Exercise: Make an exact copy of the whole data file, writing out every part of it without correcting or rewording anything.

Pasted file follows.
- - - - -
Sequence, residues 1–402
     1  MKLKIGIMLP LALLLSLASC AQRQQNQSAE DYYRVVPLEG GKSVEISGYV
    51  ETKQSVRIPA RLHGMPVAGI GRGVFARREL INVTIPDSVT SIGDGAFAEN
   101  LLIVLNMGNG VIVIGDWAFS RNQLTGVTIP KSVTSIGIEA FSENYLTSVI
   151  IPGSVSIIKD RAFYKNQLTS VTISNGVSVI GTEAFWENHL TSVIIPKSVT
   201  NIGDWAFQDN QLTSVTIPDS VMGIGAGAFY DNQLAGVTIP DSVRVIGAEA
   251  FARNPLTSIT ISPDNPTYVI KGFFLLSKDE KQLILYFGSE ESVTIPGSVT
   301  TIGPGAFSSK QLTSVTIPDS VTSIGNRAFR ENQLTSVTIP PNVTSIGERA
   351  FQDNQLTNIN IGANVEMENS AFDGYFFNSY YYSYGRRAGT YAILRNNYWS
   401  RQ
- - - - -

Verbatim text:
Sequence, residues 1–402
     1  MKLKIGIMLP LALLLSLASC AQRQQNQSAE DYYRVVPLEG GKSVEISGYV
    51  ETKQSVRIPA RLHGMPVAGI GRGVFARREL INVTIPDSVT SIGDGAFAEN
   101  LLIVLNMGNG VIVIGDWAFS RNQLTGVTIP KSVTSIGIEA FSENYLTSVI
   151  IPGSVSIIKD RAFYKNQLTS VTISNGVSVI GTEAFWENHL TSVIIPKSVT
   201  NIGDWAFQDN QLTSVTIPDS VMGIGAGAFY DNQLAGVTIP DSVRVIGAEA
   251  FARNPLTSIT ISPDNPTYVI KGFFLLSKDE KQLILYFGSE ESVTIPGSVT
   301  TIGPGAFSSK QLTSVTIPDS VTSIGNRAFR ENQLTSVTIP PNVTSIGERA
   351  FQDNQLTNIN IGANVEMENS AFDGYFFNSY YYSYGRRAGT YAILRNNYWS
   401  RQ